Procedure for allowing medical students to attend the birth of a baby without the explicit consent of the mother was inadequate - In the case of Konovalova v. Russia the European Court of Human Rights held, unanimously, that there had been a violation of Article 8 (right to respect for private and family life) of the European Convention on Human Rights. The case concerned Ms Konovalova’s complaint that medical students had been allowed to observe her giving birth, without her explicit consent. The Court found that the relevant national legislation at the time of the birth of Ms Konovalova’s baby – 1999 – did not contain any safeguards to protect patients’ privacy rights. This serious shortcoming had been exacerbated by the hospital’s procedure for obtaining consent from patients to take part in the clinical teaching programme during their treatment. In particular, the hospital’s booklet notifying Ms Konovalova of her possible involvement in the teaching programme had been vague and the matter had in general been presented to her in such a way as to suggest that she had no other choice.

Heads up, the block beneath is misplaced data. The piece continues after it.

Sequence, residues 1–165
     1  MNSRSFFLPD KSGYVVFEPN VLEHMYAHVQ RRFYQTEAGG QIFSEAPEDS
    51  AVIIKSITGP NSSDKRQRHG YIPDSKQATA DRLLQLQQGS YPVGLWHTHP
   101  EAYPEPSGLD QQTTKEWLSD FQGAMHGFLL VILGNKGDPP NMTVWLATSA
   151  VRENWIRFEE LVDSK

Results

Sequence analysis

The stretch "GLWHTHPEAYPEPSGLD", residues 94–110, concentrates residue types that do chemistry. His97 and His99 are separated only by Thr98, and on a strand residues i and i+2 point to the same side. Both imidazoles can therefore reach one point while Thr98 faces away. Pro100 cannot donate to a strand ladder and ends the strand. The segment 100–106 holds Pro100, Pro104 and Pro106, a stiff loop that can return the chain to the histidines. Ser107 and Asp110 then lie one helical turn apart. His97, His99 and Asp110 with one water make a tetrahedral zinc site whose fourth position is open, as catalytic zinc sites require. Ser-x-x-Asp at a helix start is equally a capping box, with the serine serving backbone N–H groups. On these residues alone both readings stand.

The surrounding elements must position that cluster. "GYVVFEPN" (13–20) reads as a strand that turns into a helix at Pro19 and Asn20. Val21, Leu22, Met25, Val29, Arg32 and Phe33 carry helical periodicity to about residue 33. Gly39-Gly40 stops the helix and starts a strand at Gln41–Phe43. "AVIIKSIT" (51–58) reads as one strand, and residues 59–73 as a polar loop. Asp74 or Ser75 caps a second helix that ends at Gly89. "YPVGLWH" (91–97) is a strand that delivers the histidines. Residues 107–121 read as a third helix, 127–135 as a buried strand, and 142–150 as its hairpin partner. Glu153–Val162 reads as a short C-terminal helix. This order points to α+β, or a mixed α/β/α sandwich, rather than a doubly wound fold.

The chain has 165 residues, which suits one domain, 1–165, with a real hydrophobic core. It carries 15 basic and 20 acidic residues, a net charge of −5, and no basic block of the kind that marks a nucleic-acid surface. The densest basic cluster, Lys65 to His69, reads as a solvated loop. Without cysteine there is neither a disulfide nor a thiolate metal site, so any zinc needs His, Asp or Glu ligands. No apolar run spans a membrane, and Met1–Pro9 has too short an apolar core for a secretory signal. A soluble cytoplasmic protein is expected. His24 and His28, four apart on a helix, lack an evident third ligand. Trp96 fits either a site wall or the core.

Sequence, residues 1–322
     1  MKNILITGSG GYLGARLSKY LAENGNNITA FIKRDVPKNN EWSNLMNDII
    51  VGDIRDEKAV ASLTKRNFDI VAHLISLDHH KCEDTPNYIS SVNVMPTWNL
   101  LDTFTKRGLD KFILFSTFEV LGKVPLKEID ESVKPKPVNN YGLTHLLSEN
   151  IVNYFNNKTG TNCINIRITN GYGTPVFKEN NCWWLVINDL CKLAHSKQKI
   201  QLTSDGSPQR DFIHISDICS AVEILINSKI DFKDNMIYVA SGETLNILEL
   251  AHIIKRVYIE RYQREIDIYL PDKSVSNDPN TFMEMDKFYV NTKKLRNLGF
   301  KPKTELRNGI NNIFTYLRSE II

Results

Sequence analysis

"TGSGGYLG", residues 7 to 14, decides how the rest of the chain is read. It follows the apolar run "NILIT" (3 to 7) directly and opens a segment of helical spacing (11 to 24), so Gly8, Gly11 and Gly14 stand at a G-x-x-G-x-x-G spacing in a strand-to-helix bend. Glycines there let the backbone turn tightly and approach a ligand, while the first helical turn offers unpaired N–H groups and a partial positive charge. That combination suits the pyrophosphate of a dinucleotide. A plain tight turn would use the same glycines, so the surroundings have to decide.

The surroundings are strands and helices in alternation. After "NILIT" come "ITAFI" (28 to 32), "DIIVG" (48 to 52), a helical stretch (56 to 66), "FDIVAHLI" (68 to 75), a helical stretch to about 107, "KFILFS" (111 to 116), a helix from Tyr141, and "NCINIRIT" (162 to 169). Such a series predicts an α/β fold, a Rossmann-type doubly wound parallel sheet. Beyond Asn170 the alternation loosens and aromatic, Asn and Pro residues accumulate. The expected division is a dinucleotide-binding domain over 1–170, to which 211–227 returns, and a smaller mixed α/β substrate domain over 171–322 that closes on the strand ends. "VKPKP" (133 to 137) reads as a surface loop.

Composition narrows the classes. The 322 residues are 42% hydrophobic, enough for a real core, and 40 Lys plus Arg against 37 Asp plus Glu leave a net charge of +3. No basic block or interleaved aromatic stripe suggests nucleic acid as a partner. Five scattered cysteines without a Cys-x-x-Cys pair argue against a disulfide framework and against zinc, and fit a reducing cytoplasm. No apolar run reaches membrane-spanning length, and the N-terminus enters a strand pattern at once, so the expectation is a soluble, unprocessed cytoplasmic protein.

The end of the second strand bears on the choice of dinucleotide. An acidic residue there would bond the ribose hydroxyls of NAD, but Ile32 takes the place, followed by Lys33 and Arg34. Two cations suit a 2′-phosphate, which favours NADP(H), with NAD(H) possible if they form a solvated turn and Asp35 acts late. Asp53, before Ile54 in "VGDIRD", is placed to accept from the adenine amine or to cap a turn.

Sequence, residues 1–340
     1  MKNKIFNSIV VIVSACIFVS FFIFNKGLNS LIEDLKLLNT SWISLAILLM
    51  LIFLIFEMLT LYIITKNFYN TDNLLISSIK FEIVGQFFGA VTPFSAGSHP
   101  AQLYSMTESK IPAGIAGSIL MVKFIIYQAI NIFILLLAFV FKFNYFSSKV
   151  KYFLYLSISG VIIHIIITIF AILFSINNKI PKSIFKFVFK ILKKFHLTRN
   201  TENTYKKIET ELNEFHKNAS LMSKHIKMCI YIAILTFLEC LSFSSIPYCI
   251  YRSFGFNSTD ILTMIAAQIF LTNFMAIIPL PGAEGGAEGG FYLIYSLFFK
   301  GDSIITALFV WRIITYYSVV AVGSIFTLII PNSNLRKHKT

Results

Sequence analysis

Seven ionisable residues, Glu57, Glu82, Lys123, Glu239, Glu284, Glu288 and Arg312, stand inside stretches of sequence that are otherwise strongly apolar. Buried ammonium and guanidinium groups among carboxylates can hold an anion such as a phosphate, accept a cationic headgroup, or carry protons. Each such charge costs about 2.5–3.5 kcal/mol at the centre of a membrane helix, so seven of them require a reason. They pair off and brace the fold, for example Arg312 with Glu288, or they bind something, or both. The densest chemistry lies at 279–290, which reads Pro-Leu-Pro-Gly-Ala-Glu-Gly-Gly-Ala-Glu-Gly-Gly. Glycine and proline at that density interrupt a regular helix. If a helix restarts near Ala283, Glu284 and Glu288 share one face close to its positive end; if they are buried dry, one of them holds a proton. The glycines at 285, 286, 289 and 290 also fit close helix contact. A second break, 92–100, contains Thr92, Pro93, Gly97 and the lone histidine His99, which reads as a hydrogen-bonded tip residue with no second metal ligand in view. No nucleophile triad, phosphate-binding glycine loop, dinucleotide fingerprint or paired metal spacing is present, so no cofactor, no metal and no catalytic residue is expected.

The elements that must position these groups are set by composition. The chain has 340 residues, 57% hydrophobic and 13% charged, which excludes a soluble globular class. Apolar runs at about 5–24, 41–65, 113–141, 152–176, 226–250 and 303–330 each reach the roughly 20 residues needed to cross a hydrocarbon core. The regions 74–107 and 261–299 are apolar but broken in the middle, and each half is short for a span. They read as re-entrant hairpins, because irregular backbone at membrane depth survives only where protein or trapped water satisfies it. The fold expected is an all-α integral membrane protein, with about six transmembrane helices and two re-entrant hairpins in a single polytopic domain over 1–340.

AND:„39. The Court reiterates that under its Article 8 case-law, the concept of “private life” is a broad term not susceptible to exhaustive definition. It covers, among other things, information relating to one’s personal identity, such as a person’s name, photograph, or physical and moral integrity (see, for example, Von Hannover v. Germany (no. 2) [GC], nos. 40660/08 and 60641/08, § 95, 7 February 2012) and generally extends to the personal information which individuals can legitimately expect to not be exposed to the public without their consent (see Flinkkilä and Others v. Finland, no. 25576/04, § 75, 6 April 2010; Saaristo and Others v. Finland, no. 184/06, § 61, 12 October 2010; and Ageyevy v. Russia, no. 7075/10, § 193, 18 April 2013). It also incorporates the right to respect for both the decisions to become and not to become a parent (see Evans v. the United Kingdom [GC], no. 6339/05, § 71, ECHR 2007‑I) and, more specifically, the right of choosing the circumstances of becoming a parent (see Ternovszky v. Hungary, no. 67545/09, § 22, 14 December 2010).